Advised life beats group, claims ClearView

Group life insurance is only prima facie cheaper than buying corresponding cover via standalone advised retail policies and this reality should inform consideration of making all insurance within superannuation “opt-in”, according to ClearView Wealth managing director, Simon Swanson.

In a submission filed with the Senate Economics Legislation Committee as part of its review of the Government’s legislation aimed at making insurance within superannuation opt-in for those aged under 25, Swanson has argued that standard amount of cover provided via group insurance – $100,000 to $200,000 – actually encourages under-insurance.

“…the very provision of the default cover seems to give many members a false sense of security, and/or the fact they have cover dissuades them from properly and carefully considering what their cover needs might actually be,” his submission said. “In this respect, the behavioural consequence of the default cover does as much harm as good for many members.”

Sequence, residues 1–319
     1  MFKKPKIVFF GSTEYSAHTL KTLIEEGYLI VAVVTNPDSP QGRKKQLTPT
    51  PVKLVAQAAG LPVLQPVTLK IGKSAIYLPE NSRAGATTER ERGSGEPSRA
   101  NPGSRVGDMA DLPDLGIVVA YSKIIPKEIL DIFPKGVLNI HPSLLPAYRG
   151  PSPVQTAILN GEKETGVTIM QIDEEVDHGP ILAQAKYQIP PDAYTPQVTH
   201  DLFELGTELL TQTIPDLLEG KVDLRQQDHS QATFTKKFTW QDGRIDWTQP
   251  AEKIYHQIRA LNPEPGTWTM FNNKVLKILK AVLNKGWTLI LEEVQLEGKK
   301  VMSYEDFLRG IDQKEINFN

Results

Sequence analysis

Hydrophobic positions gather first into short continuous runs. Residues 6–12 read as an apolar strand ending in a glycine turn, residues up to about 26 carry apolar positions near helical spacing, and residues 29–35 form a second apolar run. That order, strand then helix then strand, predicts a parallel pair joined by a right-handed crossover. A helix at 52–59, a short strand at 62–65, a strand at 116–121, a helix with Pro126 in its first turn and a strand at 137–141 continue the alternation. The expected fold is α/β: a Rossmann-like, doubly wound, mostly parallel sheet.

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At the same time, Swanson argued that many superannuation fund members were paying for product they didn’t or couldn’t use, adding that is that members can be covered for benefits they cannot even claim.

“For example, income protection cover typically requires a minimum level of employment to be eligible to claim,” he said.

Swanson said one of the advantages claimed for group life cover was that it was often less expensive than retail, advised life insurance but this could be illusory in circumstances where members were paying for cover they could not claim on and were likely cross-subsidising other fund members.

“Perhaps most importantly, a significant component of retail premiums is the cost to fund the provision of personalised financial advice supported by the product,” he said.

“Super fund members ‘save’ on the cost of that advice – but they don't get the education, insight and advice that is appropriate to their specific circumstances, resulting in the wrong cover, inadequate levels of cover, or insurance that is not needed,” Swanson said.




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